- Aviation consultancy Ishka estimates $12 billion worth of leased aircraft is stuck in Russia because of Western sanctions.
- The sanctions have forced aircraft lessors, like Ireland-based AerCap, to end contracts with Russian carriers.
- Airspace closures and pushback from Russian authorities and airlines could make repossessing the planes a challenge.
- For more stories go to www.BusinessInsider.co.za.
European aircraft leasing companies are terminating their contracts with Russian airlines following Western sanctions targetting the country's aviation industry, creating a potential logistical nightmare for lessors.
On Sunday, the European Union gave aircraft lessors until March 28 to end any rental contracts in Russia. The move is part of the EU's sweeping sanctions to punish Russian President Vladimir Putin, which banned "any plane owned, chartered or otherwise controlled by a Russian legal or natural person" from entering EU airspace.
According to Cirium data, Russia has 980 commercial aircraft in service, with 777 leased. Of those, 515 are rented from foreign firms, with a majority coming from Ireland-based companies.
Dublin-based AerCap — the world's biggest aircraft leasing firm — has the largest fleet in Russia with 152 planes, according to consultancy IBA. The company said it would be pulling all of its contracts with Russian airlines following the sanctions, with the jets estimated to be worth $2.5 billion, consultancy firm ACC Aviation said.
AerCap's Russian clients include Aeroflot, S7 Airlines, Rossiya, Azur Air, and Ural Airlines, according to its website. The lessor is just one of nine Irish aircraft leasing companies with planes in Russia.
There is $12 billion worth of leased jets that are to be returned to their owners, according to consultancy firm Ishka. But, ACC Aviation vice president Viktor Berta told Insider the lessors could face logistical complications getting the planes out of Russia if airlines and government authorities do not cooperate.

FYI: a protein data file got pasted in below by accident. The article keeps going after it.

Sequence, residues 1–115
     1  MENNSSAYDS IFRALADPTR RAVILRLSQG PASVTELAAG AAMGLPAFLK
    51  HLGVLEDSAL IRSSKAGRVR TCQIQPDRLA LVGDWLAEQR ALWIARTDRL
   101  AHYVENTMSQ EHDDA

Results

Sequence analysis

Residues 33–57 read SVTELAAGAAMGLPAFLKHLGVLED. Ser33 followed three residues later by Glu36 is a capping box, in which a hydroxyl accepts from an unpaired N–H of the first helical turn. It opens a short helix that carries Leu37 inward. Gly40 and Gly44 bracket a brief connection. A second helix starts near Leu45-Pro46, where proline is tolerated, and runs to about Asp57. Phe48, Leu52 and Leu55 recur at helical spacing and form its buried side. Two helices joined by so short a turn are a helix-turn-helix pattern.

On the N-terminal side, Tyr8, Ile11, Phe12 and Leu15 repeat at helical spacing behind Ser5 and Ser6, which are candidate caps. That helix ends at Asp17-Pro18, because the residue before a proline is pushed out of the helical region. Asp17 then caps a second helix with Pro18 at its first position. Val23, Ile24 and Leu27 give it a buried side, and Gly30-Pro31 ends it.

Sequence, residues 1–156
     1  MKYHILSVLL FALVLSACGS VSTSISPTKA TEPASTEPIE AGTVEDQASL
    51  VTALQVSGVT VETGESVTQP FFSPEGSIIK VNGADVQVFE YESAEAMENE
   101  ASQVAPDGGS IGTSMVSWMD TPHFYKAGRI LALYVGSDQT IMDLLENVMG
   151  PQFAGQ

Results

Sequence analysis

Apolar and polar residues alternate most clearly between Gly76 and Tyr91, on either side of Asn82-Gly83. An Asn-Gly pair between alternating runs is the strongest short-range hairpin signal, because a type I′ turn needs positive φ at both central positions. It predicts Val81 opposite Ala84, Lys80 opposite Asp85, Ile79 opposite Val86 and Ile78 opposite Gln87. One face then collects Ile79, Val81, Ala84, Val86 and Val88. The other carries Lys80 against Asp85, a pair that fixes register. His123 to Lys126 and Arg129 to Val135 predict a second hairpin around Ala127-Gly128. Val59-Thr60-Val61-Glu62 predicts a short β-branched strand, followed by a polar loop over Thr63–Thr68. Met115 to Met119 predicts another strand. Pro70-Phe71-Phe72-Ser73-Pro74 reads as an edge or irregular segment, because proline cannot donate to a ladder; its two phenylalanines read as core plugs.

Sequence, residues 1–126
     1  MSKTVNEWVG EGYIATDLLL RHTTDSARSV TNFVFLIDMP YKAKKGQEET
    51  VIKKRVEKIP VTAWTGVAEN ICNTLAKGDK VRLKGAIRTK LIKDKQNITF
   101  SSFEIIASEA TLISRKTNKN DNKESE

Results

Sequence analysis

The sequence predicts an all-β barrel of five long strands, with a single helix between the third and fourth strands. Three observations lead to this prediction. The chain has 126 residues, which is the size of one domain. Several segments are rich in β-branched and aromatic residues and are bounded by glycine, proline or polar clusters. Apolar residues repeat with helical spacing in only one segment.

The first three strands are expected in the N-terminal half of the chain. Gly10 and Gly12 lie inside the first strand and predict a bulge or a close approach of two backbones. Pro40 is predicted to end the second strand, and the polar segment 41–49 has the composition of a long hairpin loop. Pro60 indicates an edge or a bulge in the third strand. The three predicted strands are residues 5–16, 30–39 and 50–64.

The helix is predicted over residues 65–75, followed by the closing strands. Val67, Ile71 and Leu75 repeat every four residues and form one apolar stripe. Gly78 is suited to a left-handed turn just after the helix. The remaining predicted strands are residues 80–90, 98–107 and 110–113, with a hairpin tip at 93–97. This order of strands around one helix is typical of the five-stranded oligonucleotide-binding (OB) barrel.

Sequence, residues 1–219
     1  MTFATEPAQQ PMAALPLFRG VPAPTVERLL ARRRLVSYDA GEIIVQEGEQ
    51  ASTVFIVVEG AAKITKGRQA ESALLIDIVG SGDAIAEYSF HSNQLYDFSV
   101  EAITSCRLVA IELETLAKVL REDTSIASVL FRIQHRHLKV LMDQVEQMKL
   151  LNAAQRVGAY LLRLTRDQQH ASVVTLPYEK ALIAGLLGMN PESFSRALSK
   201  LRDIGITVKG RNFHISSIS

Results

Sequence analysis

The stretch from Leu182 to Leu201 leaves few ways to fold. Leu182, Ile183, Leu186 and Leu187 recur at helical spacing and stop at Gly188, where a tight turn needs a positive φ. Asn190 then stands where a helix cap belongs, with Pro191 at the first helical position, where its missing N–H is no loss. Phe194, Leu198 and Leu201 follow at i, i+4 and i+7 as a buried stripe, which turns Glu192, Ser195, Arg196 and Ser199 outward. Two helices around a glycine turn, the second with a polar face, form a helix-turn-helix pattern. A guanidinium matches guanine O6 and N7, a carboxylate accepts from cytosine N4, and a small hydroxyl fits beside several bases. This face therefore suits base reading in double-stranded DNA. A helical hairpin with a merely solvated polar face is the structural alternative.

"The logistics are immense," IBA aviation specialist Phil Seymour told The New York Times. "We are talking hundreds of planes that need to be flown out. Where in the world can they go? Will they play ball? Will there be any edict from above, telling [them] not to cooperate?"
Russia is part of the Cape Town Convention that makes it easier for lessors to repossess leased aircraft if an entity could not pay the cost. In return, airlines get cheaper financing. However, court cooperation is needed to enforce the deal, and it is still uncertain how Russia will respond, according to Reuters.
AerCap acknowledged the risk of doing business with Russia, and in a statement said it could face problems getting the aircraft back.
"We may encounter obstacles and are likely to incur significant costs and expenses conducting repossessions," the company said in a security filing.
Ishka consultant Paul O'Driscoll told The New York Times that companies are at risk of financial losses due to the cancelled contracts. O'Driscoll explained that when a lease ends, companies must return the planes to the lessor in good condition, meaning a spotless interior and no maintenance issues.
However, when a contract is terminated, there is no obligation from Russian airlines to maintain the plane.
"You're really stuck," O'Driscoll said. "You have to leave the metal there."
Analysts say companies like AerCap, which had $75 billion worth of assets at the end of 2021, could bear the burden the loss of the aircraft. However, the sanctions could cripple companies with smaller fleets, according to The New York Times.
In addition to AerCap, companies like Singapore-based AOC Aviation and Ireland-based Avalon also have planes in Russia that are impacted by the sanctions.
Specifically, BOC has 18 planes in the country, while Avalon CEO Dómhnal Slattery told Reuters in December that it had fewer than 20 in Russia.
"Our policy is to fully comply with all laws applicable to our business," BOC said in a statement. "The practical consequences of the new EU sanctions are complex and at the present time we are unable to provide further information."